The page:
Digital Audio Broadcasting, DAB, is audio that is broadcast typically through a radio.
DAB is where analog audio is converted into a digital signal. That signal is assigned to a particularly channel on either AM or FM frequency.
DAB dates back to the 1980s when the standard for it was initiated by a European research project.
The first launch of it was undertaken by the Norwegian Broadcasting Corporation in June 1995, while the BBC and Swedish Radio launched their own DAB radio broadcasts in September of the same year.
What’s the audio quality like?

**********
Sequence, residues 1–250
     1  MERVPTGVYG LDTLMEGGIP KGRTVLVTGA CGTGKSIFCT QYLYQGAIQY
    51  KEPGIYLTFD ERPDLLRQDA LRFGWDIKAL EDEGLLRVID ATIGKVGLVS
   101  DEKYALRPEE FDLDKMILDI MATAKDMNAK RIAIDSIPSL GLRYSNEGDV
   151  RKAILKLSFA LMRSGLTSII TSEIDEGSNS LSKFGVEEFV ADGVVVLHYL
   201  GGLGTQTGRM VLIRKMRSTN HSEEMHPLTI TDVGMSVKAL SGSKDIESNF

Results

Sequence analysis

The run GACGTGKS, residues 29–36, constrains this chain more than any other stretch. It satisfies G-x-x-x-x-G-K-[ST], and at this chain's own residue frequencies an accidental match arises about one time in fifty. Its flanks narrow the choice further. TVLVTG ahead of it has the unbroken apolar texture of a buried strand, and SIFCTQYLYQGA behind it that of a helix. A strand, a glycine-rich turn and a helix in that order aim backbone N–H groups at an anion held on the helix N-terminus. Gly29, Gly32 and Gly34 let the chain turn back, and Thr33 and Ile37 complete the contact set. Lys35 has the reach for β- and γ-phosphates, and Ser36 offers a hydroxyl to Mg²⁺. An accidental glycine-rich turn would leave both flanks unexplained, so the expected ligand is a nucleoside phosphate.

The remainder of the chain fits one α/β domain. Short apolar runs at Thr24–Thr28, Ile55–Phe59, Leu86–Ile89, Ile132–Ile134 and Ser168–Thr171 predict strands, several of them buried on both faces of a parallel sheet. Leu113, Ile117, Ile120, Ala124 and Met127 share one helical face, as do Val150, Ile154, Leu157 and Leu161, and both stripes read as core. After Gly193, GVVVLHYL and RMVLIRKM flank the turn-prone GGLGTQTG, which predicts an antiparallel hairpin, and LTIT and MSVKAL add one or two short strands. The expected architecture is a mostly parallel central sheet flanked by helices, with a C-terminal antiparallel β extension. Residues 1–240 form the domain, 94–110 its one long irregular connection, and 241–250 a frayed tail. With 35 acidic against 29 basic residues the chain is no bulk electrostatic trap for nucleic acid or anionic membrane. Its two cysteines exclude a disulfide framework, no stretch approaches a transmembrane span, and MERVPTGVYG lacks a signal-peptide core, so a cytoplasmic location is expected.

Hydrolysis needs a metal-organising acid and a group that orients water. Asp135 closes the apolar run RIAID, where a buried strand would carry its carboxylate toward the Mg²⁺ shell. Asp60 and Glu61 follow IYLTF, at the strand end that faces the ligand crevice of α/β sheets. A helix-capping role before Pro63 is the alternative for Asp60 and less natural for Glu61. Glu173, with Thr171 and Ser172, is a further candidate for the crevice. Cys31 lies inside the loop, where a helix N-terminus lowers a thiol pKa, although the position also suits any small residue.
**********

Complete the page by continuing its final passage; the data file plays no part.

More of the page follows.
Audio quality for DAB can vary, depending on the bitrate and audio material used. But the typical audio quality used by radio stations is 128 kbit/s.
DAB can incorporate multiplexing in which multiple digital signals are transformed into one signal over a shared medium. A DAB ensemble is said to have occurred when various digital radio channels are received on a single transmission.
In 2007 an upgraded version of the system was released, DAB+, but DAB is not forward compatible with it so DAB only receivers cannot pickup DAB+.